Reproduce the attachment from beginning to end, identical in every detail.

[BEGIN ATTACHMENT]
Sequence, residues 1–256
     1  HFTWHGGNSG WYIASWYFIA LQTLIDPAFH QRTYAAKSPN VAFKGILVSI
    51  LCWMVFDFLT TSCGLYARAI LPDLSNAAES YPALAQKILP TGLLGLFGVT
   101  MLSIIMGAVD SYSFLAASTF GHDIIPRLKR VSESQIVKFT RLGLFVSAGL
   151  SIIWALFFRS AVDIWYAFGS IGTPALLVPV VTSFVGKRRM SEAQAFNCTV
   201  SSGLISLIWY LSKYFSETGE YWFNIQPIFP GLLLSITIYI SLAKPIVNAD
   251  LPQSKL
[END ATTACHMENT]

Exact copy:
Sequence, residues 1–256
     1  HFTWHGGNSG WYIASWYFIA LQTLIDPAFH QRTYAAKSPN VAFKGILVSI
    51  LCWMVFDFLT TSCGLYARAI LPDLSNAAES YPALAQKILP TGLLGLFGVT
   101  MLSIIMGAVD SYSFLAASTF GHDIIPRLKR VSESQIVKFT RLGLFVSAGL
   151  SIIWALFFRS AVDIWYAFGS IGTPALLVPV VTSFVGKRRM SEAQAFNCTV
   201  SSGLISLIWY LSKYFSETGE YWFNIQPIFP GLLLSITIYI SLAKPIVNAD
   251  LPQSKL